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A Social Geography of England and Wales considers the theoretical concepts of the social geography of England and Wales. This book is composed of 11 chapters that discuss the theories of industrialization and urbanization.
The opening chapters deal with the origins and settlement of English people, as well as the workings of feudal society with its hierarchy of groups of different legal status, ranging from the king through the base of the system. The succeeding chapters examine the vital formative phase in British social history. Other chapters explore the strengths and weaknesses of several ecological and economic models of urban structure that are transported from North America to Great Britain. A chapter looks into the variations in housing type and quality form intriguing reflections of fundamental differences in British Society based on a theory of housing classes. This text also surveys residents of the inner areas of many British cities now experience substantial social problems, which are compounded in areas of multiple deprivation. The final chapters cover the dispersion of urbanism into the countryside where it has provoked fundamental social and spatial changes related to commuting, retirement migration and tourism.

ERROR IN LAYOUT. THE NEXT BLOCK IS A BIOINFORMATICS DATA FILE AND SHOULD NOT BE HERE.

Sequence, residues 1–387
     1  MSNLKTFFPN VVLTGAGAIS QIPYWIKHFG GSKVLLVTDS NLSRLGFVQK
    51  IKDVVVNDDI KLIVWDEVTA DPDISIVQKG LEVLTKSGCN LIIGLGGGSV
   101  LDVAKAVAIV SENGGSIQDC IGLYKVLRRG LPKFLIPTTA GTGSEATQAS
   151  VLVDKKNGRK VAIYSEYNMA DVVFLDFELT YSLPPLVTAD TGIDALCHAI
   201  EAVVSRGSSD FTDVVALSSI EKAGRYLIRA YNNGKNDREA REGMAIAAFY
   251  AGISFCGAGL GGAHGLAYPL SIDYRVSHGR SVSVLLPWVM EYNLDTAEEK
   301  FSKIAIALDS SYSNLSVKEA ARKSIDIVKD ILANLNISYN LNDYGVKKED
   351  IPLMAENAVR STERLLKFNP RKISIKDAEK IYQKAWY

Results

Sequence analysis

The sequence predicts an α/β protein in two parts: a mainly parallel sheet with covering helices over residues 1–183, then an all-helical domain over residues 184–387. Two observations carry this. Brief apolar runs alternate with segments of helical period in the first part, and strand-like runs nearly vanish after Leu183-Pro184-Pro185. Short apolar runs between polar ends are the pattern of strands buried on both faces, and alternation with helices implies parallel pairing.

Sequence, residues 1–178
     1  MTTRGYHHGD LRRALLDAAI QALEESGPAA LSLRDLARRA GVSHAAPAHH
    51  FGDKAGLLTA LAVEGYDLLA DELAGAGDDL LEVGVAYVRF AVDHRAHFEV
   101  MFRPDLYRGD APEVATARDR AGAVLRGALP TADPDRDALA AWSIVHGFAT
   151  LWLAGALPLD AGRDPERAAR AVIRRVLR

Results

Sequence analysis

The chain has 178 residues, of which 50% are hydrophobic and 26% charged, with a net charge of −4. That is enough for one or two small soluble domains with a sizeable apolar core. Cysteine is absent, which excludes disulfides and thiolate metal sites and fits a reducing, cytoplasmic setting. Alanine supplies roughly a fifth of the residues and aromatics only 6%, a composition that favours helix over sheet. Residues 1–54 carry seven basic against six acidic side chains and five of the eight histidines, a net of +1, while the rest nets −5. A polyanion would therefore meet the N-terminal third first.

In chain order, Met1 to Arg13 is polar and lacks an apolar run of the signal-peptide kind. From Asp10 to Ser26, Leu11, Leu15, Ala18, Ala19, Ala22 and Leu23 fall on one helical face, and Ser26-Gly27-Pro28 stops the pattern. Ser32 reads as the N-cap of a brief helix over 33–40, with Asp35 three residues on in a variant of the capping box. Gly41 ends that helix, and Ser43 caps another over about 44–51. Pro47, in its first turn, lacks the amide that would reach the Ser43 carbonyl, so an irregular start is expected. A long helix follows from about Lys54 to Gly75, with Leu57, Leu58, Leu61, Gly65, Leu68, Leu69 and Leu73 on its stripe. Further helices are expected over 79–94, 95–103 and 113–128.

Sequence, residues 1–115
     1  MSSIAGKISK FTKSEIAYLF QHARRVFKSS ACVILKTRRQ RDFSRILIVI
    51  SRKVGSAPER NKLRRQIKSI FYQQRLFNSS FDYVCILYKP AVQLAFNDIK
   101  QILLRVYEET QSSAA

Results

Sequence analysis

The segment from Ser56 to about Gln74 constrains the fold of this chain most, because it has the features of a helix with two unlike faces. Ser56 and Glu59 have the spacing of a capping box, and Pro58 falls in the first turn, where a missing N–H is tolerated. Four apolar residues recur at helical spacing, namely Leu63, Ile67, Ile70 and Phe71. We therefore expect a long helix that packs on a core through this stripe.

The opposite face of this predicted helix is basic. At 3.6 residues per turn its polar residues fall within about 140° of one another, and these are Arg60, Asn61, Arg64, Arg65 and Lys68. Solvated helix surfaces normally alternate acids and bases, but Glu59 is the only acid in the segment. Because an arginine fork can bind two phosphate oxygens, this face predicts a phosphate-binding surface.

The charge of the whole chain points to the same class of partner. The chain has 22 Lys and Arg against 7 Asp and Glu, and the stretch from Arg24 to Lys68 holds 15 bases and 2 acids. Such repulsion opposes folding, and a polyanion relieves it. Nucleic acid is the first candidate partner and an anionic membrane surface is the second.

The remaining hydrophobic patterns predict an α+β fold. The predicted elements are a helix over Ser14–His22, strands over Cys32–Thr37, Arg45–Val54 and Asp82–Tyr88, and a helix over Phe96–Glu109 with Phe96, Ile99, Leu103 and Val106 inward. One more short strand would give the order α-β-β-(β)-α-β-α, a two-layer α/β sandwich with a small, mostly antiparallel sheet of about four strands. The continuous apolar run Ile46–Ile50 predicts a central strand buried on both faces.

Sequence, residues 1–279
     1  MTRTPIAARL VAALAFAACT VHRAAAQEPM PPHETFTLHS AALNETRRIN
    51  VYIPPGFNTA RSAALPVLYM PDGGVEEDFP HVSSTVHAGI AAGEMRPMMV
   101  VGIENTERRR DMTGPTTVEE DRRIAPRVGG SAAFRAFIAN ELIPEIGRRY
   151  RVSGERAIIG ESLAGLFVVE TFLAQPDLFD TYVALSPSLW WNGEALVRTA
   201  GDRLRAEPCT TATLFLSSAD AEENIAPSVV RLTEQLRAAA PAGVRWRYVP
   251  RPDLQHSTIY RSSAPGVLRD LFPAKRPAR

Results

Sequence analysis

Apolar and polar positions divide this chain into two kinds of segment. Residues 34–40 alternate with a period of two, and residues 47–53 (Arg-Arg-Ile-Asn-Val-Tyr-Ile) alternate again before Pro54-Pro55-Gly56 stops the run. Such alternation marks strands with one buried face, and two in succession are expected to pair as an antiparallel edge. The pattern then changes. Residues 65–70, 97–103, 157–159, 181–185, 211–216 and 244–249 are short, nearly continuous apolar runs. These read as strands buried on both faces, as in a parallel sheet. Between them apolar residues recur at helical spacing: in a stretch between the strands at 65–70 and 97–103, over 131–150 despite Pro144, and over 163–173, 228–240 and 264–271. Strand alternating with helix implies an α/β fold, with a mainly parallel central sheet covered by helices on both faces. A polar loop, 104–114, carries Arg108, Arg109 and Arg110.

This book is of value to historians, sociologists, researchers, and undergraduate students.
1. An Introduction
2. Theories of Industrialization and Urbanization
3. Pre-Industrial England
4. The Modernization of English Society
5. Social Patterns in Nineteenth-Century Cities
6. Structural Models of English Cities
7. Segregation and Patterns of Behavior in Urban Areas
8. The Geography of Housing in England and Wales
9. The Inner City
10. Beyond the Fringe
11. Social Geography and Relevance
- No. of pages:
- © Pergamon 1980
- 1st January 1980
- eBook ISBN: